Talking to Strangers: strategies for connecting at parties, networking and cold calls.
Talking to Strangers
Sometimes we don’t even know how to begin talking to strangers, much less how to ask them for support.
It’s time to dust off your chit-chat! Summer’s over and the social calendar is back on track – dinners and parties, galas and conferences – you know the drill. Every year from September through June there’s always some sort of event we have to go to, at least to network and get our cause out to new people.
Sometimes it can be terrifying to walk into a room of influential strangers and just start talking.
You already walk the walk. We’ve put together a few strategies to help you talk the talk.
You know what the purpose or theme of the gathering is, so you have time to prepare beforehand a few things you can talk about that are related to the central idea of the event. Is it a professional summit? Great, you’re in the field and you know what you’re doing, so have at the ready an anecdote or two about how your work in the field has had a positive effect on someone or something in your organization.
Is this your own event? Well, you invited the guests, so you must know at least those on your list. Don’t be afraid to be informal. When you put others at ease, you’ll feel more relaxed, too. Find your friends and you’ll be fine.
Bring a cheat-sheet.
Keep a list of your organization’s talking points on an index card or a sticky-note in your bag or wallet. Feeling lost? Take out your “cheat-sheet” to refresh your memory. Take the time to breathe, too!
Ensure follow-up like a pro.
Are you a board member or volunteer at your organization? You should still have a business card made for you to hand out at events, even if you’re not an employee. Include your contact information along with your title at the organization and their logo.
Exchanging business cards at an event is a great way to promote the organization and get contact information with which to follow-up later.
It’s not about you.
Many people find it hard to talk about themselves. Well, you’re not there to talk about yourself. You’re there to talk about a cause you feel very passionately about. Let that passion guide you – people will pick up on your excitement about what you do. You know just how important your cause is, so don’t worry if you don’t introduce your own self fully. Just talk about your organization.
You always have something in common.
You’re at the same event, aren’t you? That’s a starting point right there. You know what brought you to this event, so you can use that to break the ice.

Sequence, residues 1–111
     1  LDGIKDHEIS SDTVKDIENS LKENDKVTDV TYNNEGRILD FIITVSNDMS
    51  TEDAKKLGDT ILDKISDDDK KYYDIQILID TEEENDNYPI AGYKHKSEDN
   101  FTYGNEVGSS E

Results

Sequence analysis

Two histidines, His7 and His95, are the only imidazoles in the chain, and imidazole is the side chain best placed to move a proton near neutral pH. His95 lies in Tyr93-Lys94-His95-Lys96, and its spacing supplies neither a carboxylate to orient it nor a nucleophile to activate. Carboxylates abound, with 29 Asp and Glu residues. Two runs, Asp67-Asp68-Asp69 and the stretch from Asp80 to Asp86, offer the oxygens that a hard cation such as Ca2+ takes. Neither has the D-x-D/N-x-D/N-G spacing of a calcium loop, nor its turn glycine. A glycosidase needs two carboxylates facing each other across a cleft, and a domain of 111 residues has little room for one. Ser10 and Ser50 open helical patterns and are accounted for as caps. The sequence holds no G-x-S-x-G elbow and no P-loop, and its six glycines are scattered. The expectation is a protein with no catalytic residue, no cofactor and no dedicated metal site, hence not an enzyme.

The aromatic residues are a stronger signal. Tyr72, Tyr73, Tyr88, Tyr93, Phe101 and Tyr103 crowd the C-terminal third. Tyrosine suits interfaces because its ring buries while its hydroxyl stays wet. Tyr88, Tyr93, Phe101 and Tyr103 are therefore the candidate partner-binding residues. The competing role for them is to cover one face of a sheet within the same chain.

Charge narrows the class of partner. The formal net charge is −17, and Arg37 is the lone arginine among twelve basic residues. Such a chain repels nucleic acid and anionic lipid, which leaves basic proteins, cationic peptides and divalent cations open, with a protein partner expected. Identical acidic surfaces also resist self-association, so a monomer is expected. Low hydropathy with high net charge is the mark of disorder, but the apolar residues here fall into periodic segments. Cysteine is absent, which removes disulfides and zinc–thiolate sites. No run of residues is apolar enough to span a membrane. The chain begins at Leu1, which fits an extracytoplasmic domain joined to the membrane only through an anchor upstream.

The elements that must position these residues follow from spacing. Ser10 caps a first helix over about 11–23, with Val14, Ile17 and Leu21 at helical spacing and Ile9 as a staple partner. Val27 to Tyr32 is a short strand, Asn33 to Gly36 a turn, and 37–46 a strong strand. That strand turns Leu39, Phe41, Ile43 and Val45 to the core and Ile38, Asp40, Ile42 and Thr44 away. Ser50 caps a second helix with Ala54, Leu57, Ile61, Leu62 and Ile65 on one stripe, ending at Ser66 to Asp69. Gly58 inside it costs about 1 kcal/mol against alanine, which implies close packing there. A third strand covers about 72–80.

Ask questions if you don’t like talking.
Don’t know what to say? Ask a question and really listen to what the other person is saying. Chances are they’ll say something that resonates with you, or that makes you want to know more. This also works on the phone. If you’re at a loss for something to say, ask the person on the other end of the line, “What can we do for you?” or “What do you want to know?”
A call can only be cold once.
Making cold calls can be very difficult for many people. But once you’ve made the call, the next time you dial that number it won’t be a stranger on the other end anymore. Use your cold calls as an opportunity to create new, warm connections. Let yourself be the literal voice of your organization. You are speaking for your cause as a person who cares deeply about the mission. If someone rejects your request or introduction, they’re not rebuffing you personally. If you’re not rejected off the bat, then there’s a chance you can call again as someone they remember.
Tips: A Stand-Out Event
When events season comes around, we all hunker down for the flood of save-the-dates, cards, invitations & reminders. How can your event stand out?
Give me your number
Annual events often have themes, the simplest of which is the anniversary number – especially when it’s a big one.
Find out how long your supporters have been in your corner and make the celebration not just about how long you’ve been around but how long they’ve been with you.
Put the number of years they’ve contributed front-and-center in your long-term supporters’ invitations. You use a mail-merge to personalize invitees’ names and addresses, so add another merge element for the number of years of commitment, too.
Remind your supporters of their direct positive impact by letting them know you’ve been paying attention and are appreciative of their commitment.
Give your attendees a way to participate beyond just showing up. Make their participation part of the fun, and make the invitation more than just a way to RSVP.
Are you an arts organization? Have a poetry contest or drawing contest and display submissions at the event, giving guests the chance to vote on winners.
Are you a literary society? Ask an author in your network to donate signed copies of their newest work, or invite them to give a live reading. The first RSVPs will get the signed books!
Working with education? Get the students you serve to create theme-related center-pieces for your table and give them as prizes in a raffle, which will be drawn from RSVP cards.
Does your organization focus on children? Make your event kid-friendly so that guests can bring their families. Include some of the children you support; let them tell their stories, present their ideas or give a performance.
Summer 2014 | Perry Davis Associatessays September 23, 2014 at 3:36 pm
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